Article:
Curried butternut black bean soup
When we decided to get Clio, David said, “You can’t be insane about this one!” What? Me? Insane about a dog? What could he be talking about? Sigh, it’s true, there’s no denying it. I was crazy about Steenbeck, and not always in a good way. I wouldn’t let anybody else walk her or keep her overnight. I avoided getting a full time job, so I wouldn’t have to leave her alone. No…more than that…I got myself fired from a full time job a few months after we adopted her. Heh heh heh. That’s right! It’s all Steenbeck’s fault! And before I was insane about Steenbeck, I was insane about David – not that I wouldn’t let anybody else walk him, but that I worried about him all the time. And before I met David, I worried about myself a lot – I worried myself sick, I gave myself an ulcer at 23. Well, meeting David helped me to worry less about myself, and getting Steenbeck helped me to worry less about David, and each succeeding boy has helped me to worry less about everyone else. Because, of course, I’m insane about my boys as well. I’ve been thinking about that a lot, lately, since Clio has been in the house. I don’t feel
insane about her, but have I left her alone for a minute yet? I have not. I will though, I think I’ll be better this time. I’ve let Malcolm walk her all over town! He’s very good at it! It’s such a joy to see how pleased he is with the responsibility, and how much he likes taking care of her. Because there is pleasure in taking care of someone, as well as anxiety. That’s partly why we get dogs; it’s partly why we have children. It’s a joy to love someone, and nourish them, and protect them, and make them feel safe. And one thing the boys have taught me, is that it’s a joy to give them some freedom, too. To give them responsibility, and to let them do things for themselves. If I had my way, I’d probably still walk the boys to school when they’re in college. But I remember the thrill, when I was little, of running to the mailbox on the next corner. We had to cross a street! We’d go when it was getting dark and spooky! We were fine, and made it home safely. The boys are so happy finding their own new paths like that. Around the block. To the candy store across the street. Small journeys that become huge adventures when they go together, without me. It seems silly, but it makes them stronger and more confident. When Malcolm walks Clio he’s very serious and careful, a far cry from the boy who zips down the towpath waving sticks and startling passing cyclists. Watching him with her, I feel like I have learned some balance. I’ve learned that I’d worry more about not
letting him explore the world on his own (sometimes), because he needs that freedom, and giving that to him is a way of nurturing him. He knows that I worry, he knows that I need to know where he is at all times, even when he’s not in my sight. But if I can find the right balance, and let him know that I worry just enough to be glad when he makes it home, but not enough to keep him home altogether, that makes the journey all the more wonderful. After school yesterday, Malcolm was crying-tired. Everything we said or did upset him. He threw himself on the couch. Little Clio jumped up and curled up beside him. She’s taking care of him, too!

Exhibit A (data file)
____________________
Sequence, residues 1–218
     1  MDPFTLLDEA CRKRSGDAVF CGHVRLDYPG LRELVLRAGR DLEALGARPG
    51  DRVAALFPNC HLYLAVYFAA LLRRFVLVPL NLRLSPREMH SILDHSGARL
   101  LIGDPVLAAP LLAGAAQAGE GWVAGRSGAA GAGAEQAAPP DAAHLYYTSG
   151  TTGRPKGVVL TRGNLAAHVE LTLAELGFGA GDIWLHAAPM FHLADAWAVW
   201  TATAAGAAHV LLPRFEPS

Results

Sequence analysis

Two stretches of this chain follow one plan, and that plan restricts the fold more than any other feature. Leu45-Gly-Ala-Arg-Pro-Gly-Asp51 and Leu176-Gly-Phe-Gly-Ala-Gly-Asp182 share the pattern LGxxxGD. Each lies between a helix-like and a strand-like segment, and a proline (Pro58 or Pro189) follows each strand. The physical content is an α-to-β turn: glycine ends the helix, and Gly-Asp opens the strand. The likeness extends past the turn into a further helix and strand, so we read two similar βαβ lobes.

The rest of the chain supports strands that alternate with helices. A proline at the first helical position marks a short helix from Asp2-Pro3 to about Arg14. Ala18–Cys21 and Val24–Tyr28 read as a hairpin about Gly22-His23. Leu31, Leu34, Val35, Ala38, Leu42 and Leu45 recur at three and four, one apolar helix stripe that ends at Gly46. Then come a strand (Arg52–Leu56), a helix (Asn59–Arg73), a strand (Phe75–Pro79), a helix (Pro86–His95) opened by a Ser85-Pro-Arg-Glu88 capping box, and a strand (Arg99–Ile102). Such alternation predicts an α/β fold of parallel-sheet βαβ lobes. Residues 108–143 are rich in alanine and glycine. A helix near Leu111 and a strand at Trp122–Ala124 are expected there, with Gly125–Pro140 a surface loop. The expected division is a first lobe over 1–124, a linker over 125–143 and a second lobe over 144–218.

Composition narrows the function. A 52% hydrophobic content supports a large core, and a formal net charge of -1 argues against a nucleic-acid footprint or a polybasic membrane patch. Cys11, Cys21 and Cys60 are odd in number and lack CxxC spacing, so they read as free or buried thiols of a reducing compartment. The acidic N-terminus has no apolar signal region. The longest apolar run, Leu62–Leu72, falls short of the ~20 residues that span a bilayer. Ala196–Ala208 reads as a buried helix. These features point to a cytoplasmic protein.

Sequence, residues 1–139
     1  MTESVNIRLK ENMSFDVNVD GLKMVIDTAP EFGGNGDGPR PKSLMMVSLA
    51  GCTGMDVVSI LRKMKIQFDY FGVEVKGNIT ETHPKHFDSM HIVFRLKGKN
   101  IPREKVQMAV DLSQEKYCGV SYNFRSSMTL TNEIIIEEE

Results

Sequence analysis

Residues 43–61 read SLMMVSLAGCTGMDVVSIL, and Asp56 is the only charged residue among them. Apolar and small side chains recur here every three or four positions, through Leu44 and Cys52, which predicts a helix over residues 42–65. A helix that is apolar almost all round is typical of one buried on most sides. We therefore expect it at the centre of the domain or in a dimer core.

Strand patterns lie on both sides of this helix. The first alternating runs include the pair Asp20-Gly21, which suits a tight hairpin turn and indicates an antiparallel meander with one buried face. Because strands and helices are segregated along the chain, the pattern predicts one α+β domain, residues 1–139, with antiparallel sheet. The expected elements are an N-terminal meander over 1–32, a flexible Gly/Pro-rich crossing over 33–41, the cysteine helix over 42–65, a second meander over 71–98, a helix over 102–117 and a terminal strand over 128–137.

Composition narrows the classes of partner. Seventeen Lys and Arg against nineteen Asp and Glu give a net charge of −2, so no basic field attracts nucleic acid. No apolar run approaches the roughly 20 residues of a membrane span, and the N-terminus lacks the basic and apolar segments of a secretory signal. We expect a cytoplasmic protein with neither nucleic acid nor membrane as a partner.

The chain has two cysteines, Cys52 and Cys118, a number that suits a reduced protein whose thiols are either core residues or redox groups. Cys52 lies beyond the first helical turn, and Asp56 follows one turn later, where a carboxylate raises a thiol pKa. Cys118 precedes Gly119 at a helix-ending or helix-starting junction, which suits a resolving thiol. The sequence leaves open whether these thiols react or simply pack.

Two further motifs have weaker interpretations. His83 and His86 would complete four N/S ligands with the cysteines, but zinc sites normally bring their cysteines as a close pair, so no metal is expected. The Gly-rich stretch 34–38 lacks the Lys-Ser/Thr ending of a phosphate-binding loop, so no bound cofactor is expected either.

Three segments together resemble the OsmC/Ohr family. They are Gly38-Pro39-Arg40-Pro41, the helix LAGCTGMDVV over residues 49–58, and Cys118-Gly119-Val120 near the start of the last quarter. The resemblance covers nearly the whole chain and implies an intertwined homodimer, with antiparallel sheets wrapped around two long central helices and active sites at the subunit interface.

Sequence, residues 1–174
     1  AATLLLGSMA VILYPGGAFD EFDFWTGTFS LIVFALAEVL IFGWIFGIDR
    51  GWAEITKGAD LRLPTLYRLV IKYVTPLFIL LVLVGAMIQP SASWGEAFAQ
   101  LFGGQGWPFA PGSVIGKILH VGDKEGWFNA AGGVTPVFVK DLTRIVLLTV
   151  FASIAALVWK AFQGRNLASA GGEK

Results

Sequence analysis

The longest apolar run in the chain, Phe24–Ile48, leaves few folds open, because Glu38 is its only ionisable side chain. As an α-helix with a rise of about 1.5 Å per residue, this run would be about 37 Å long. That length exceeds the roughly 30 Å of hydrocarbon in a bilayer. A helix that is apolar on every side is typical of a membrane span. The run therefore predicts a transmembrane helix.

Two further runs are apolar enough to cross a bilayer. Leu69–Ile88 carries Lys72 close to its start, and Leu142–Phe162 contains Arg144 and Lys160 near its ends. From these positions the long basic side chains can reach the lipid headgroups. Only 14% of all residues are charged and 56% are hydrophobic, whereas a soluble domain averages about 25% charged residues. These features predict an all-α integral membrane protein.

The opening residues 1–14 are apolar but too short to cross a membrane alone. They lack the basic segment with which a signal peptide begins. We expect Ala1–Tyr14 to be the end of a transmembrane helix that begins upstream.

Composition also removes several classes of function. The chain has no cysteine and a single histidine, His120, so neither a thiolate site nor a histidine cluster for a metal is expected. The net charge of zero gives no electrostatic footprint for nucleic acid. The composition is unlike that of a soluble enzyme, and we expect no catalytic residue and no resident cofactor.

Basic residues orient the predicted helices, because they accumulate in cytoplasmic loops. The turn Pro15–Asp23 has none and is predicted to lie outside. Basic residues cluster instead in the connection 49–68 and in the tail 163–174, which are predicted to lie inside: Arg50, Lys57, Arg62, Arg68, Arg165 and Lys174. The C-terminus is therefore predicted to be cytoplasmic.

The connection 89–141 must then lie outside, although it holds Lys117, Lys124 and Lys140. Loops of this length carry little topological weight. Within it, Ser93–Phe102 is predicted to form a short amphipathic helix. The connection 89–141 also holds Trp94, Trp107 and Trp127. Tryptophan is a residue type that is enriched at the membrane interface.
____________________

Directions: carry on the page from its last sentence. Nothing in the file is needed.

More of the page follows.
Soup seems like such a perfect comfort this time of year. David asked for soups, and soups he will get. He’s got what seems like the start of a winter-long cold, so I was hoping this spicy, flavorful soup would make him feel better. He said it was just what he needed!! I made it with a butternut squash and fresh tomatoes, but if you’re reading this in the middle of pumpkin, I suspect you could make it with a can of pumpkin, a good can of diced tomatoes, and a good can of black beans, and it would be very good as well.
Here’s Elmore James’ It Hurts Me, Too, which is one of my favorite songs ever by anyone.
1 medium sized butternut squash
4 or 5 medium-sized tomatoes
1 cup black beans, rinsed and drained
2 T olive oil
1 shallot, minced
2 cloves garlic, minced
1 t black mustard seeds
1/2 t red pepper flakes (or to taste)
1 t cumin
1 t ginger
1/2 t fenugreek
pinch each allspice & cinnamon
small knob of butter
1 t lemon juice
1/2 cup coconut milk
small handful fresh basil, washed and chopped
salt and plenty of pepper
Preheat the oven to 425. Cut the top and bottom off of the squash. Cut it in half lengthwise and scoop out the seeds. Place it face down on a baking tray, and roast until it’s soft and dark – 30 to 40 minutes depending on the squash. When it’s cool enough to handle, peel the squash and roughly chop it.
Meanwhile, boil a pot of water. Cut the tops off the tomatoes, gently squeeze the seeds out, and cut a small X in the bottom. Drop them in the boiling water. In less than a minute their skins should pucker. Drain them, let them cool, and then peel and roughly chop them
Warm the olive oil in a large soup pot. Add the shallot, when it starts to brown add the garlic, mustard seeds and red pepper flakes. After about a minute, when the garlic starts to brown, add the squash and tomato. Stir and cook for a few minutes, till the tomatoes are soft. Add the spices and a few cups of water – enough to cover the tomatoes and squash by about half an inch. Bring to a boil, reduce heat and simmer until the squash and tomatoes are meltingly soft – about ten minutes. Add the lemon juice and butter, and puree in small batches.
Return the soup to the pot, add the coconut milk, basil, and black beans, and season with salt and plenty of pepper. Warm through, but don’t let it boil.